Tuesday, May 6, 2008

WeHo Field Guide: Black Mustard

The last time I had a lazy Saturday afternoon, I decided to take a leisurely stroll through Runyon Canyon Park to enjoy some time in the great outdoors.

That's what I had planned, at least. Unfortunately for me, it was 94 degrees and high noon on a sunny day. Further complicating my endeavor was dehydration from an inadequate amount of water on my person (and a bout of heavy drinking the night before), and lack of sunscreen. Within 20 minutes I was wheezing, sweating, sunburnt, and deafened by the sound of blood pounding through my temples. As I climbed to the peak of the park, I had to avert my attention from all of the dizzying city views, gloriously bronzed beefcake, and unleashed dogs and redirect all energy toward the most pressing task at hand: survival.

Now that the temperatures have cooled and I've been a few more times and my heart is more accustomed to inclined terrain, I've been indulging in some of the natural wonders of the park. One plant in particular caught my eye: a tall, shrubby weed with yellow flowers. Upon closer inspection, I realized that this darling little plant is black mustard, the same thing that keeps growing defiantly in my front yard, despite constant weeding by my neighbors.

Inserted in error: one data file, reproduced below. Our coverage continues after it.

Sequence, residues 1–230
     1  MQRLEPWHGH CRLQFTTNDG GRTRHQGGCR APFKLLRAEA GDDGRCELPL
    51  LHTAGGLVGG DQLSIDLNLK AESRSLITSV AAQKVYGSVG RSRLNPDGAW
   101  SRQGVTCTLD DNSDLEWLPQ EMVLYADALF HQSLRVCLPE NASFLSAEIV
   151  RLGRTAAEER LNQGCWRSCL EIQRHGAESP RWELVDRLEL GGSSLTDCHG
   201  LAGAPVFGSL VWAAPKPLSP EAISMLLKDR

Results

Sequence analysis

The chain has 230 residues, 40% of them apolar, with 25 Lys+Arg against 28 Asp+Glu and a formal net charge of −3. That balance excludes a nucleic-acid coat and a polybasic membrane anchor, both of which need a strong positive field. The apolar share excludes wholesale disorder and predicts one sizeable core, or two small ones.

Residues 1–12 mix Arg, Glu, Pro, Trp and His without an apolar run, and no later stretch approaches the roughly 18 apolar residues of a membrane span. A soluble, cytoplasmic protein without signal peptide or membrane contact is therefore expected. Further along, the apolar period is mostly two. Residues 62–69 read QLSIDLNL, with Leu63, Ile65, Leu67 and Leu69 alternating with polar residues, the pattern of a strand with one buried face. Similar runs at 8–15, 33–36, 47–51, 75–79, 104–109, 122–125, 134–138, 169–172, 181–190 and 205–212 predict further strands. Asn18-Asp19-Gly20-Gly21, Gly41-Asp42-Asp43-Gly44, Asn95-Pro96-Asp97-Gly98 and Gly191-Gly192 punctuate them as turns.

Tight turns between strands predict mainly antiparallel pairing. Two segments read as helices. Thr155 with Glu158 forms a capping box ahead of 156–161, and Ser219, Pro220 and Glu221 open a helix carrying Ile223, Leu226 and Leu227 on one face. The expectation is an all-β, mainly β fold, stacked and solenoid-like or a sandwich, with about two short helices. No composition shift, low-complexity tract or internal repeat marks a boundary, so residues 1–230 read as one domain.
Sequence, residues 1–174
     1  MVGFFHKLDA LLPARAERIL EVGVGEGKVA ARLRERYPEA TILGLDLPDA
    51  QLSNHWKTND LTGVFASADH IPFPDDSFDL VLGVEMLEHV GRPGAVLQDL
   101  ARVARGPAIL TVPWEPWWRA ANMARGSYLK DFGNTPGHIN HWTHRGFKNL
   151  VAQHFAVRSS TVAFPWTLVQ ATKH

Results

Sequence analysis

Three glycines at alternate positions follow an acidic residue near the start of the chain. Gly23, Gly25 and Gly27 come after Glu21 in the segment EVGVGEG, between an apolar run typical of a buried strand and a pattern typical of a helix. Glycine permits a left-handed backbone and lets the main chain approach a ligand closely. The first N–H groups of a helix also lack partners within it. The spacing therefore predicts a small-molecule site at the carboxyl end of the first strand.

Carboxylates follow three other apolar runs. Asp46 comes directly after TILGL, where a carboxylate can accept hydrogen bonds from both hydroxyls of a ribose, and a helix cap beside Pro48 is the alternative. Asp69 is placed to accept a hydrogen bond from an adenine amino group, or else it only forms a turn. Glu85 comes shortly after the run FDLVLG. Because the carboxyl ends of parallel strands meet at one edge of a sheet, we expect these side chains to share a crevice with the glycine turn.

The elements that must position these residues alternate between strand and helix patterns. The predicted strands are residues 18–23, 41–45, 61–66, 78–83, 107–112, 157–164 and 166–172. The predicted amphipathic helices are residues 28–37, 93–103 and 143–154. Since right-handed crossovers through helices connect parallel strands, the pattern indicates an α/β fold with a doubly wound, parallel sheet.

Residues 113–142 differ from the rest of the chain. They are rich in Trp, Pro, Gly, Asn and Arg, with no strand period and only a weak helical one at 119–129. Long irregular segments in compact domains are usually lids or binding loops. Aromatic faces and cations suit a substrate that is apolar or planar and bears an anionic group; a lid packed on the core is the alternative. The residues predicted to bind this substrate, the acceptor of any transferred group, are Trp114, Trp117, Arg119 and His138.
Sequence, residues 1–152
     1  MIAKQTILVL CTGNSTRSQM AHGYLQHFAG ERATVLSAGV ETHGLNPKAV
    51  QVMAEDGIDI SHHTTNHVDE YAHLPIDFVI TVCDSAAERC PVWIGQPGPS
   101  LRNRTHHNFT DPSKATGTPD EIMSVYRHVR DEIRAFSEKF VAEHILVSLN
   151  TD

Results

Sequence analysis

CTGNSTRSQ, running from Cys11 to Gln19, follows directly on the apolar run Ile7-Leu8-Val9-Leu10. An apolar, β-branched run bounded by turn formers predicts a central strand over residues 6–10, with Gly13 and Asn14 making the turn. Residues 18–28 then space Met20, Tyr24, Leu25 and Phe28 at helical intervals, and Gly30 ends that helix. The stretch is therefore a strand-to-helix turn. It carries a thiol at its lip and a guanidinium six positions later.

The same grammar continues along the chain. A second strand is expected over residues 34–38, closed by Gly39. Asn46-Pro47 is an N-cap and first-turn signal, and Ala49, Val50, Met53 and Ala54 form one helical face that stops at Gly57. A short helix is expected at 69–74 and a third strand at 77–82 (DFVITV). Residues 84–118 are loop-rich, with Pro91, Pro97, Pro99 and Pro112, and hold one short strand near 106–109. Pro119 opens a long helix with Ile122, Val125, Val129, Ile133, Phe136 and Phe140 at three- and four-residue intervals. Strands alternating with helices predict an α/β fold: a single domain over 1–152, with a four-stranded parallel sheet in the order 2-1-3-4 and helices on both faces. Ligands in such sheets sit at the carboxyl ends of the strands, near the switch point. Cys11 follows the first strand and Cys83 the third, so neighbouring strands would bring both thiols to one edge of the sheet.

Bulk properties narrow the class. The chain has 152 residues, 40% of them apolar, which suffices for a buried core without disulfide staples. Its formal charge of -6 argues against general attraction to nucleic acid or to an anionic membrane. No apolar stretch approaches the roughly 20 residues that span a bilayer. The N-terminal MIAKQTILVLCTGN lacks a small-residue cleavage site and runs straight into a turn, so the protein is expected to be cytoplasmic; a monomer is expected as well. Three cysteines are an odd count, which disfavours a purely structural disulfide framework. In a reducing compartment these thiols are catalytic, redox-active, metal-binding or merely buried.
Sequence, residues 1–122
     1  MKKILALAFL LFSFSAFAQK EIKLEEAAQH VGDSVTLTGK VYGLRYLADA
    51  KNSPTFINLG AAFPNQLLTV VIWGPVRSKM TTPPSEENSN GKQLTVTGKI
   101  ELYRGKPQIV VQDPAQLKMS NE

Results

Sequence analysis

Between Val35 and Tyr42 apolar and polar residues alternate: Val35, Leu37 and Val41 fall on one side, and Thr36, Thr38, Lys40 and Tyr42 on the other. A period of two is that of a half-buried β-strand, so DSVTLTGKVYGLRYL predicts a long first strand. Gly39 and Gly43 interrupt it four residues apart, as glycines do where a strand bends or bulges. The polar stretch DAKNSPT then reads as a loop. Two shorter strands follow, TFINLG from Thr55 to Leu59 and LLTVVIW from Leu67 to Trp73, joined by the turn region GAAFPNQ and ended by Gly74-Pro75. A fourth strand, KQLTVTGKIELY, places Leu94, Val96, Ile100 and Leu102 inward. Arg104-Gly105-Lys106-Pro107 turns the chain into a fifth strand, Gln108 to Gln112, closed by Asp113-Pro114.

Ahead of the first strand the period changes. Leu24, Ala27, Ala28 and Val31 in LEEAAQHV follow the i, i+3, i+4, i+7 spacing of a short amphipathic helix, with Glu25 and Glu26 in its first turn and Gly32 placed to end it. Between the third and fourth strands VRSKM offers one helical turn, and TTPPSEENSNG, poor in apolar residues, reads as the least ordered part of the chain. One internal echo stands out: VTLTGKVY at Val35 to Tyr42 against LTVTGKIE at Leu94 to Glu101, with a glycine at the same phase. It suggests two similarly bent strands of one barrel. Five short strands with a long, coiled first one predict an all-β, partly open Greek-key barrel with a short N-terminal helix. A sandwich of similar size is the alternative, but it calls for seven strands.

I don't believe in weeding. I figure, if the sucker can triumph over all of the elements working against its survival and access enough nutrients to grow, then let it grow. Who am I to get in its way? (Of course, I realize that this same attitude will someday lead to a reputation among youth as the crazy-old-lady who lives in the creepy house with the overgrown yard.)

So I let it grow. It looked kind of odd among the other plants, but I was into that. It was a renegade; a Bickle, a Bjork, a Bourdain.

And then one day I came home, and it was gone.

I know my neighbor ripped it out. I do not begrudge him for it. He's only home once a week, on Saturdays, and he spends the entire day tending to his own lawn, so if my black mustard is ruining his ambience, I'll let him have it.

But aside from looking a little peculiar, is it really all that bad?


  • Black mustard seeds are commonly used in Indian cuisine, particularly curry
  • In Eastern Europe, ground black mustard seeds are mixed with honey to create a cough suppressant



1 comment:

James said...

What's your neighbor's address? I'm going to send him a packet of black mustard seeds in the mail.